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emergency room

No one really wants to find themselves in the emergency room, but as most of us with kids know, a trip or ten throughout the years is inevitable. To make things easier on everyone, assemble family health kits specifically for trips to the emergency room. Then you can just grab and go.

This little bit of preparation can make the ill or injured person, and his or her companions, feel much better, especially when there is a car ride or a long wait in the emergency room.

Depending on the ages and stages of the members of your family, you may wish to assemble one or several health kits that will go with you, should you need to make a trip to the emergency room.

If you have members of your family with specific health conditions, you may want custom kits that address those particular issues.

Here is what our general emergency room prep kit looks like. It contains:

  • A black dishpan to catch vomit. I learned quickly, that black is best, because it hides the mess. Line it with black plastic bags sized for a waste basket, if you can find them.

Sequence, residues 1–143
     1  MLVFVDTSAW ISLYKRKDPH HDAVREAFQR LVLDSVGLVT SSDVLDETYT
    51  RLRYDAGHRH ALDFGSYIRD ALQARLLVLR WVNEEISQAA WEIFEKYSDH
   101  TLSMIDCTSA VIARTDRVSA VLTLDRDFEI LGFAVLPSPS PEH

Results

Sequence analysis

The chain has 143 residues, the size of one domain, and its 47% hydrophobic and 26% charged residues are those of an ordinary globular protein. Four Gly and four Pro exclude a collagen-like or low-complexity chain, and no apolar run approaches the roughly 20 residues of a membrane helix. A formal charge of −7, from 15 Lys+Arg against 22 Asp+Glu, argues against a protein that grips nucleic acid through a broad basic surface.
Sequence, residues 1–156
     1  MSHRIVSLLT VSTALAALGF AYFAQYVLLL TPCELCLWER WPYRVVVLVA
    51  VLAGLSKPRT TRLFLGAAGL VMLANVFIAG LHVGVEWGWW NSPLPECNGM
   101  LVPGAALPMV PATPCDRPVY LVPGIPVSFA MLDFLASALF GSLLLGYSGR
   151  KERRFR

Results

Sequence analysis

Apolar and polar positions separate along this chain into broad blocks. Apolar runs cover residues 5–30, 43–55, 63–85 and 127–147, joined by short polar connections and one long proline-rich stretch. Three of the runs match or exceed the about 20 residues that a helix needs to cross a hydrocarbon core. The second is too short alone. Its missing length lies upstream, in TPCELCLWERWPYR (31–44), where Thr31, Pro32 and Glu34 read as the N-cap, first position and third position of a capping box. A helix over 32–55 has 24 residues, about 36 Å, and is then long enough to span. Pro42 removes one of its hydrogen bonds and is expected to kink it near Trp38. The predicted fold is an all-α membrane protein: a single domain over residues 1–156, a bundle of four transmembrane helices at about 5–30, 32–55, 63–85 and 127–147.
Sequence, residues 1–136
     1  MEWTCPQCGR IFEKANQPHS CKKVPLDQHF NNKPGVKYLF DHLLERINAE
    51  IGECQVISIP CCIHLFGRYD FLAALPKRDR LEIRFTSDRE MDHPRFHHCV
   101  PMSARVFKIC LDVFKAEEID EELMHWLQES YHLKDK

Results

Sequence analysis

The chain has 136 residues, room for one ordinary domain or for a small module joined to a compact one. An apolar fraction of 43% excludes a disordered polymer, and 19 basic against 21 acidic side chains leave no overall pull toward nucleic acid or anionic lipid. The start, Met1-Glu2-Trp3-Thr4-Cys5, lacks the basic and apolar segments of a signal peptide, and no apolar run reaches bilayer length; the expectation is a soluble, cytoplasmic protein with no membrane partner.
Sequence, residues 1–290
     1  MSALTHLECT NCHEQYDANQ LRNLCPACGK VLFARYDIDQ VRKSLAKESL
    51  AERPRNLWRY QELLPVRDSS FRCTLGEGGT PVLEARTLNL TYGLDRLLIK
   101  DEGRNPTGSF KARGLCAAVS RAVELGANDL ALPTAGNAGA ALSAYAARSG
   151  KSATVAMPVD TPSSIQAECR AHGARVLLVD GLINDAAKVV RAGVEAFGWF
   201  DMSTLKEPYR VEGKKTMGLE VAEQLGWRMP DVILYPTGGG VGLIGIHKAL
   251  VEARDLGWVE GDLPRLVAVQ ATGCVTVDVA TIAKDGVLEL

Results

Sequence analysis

• Clean towels. It is best if they are old and soft.
  • Instant hand warmers to keep a sick person warm.
  • A small pillow.
  • Detailed list of medications, allergies and surgeries.
  • Back up copies of insurance information and primary care physician’s name and contact information.
  • Entertainment (novels, new and small toys, puzzle books, crayons, mobile device with movies and games).
  • Comfort objects (a photo, a blanket, a stuffed toy, a worry stone.)
  • Notepad and pen.
  • Cash for vending machines.
  • Small snacks (but always check with nurses before allowing food to the patient).
  • Blanket.

To avoid looking as though you are actually moving in to the emergency room, permanently, you can usually keep most of the health kit supplies in the car, where they can be fetched as needed. Separating the items out can help with this. For example, I usually bundle the blanket, pillow and hand warmers together, and store them in the car, to be used if needed. If an emergency room visit requires an ambulance, those items will probably not be needed.

I have the towel folded into the dishpan, and then on top of that I place a backpack with the comfort items, entertainment, documents, snacks, the notepad and pen, and money. If there is no vomiting, the dishpan and towel can be left at behind.

 

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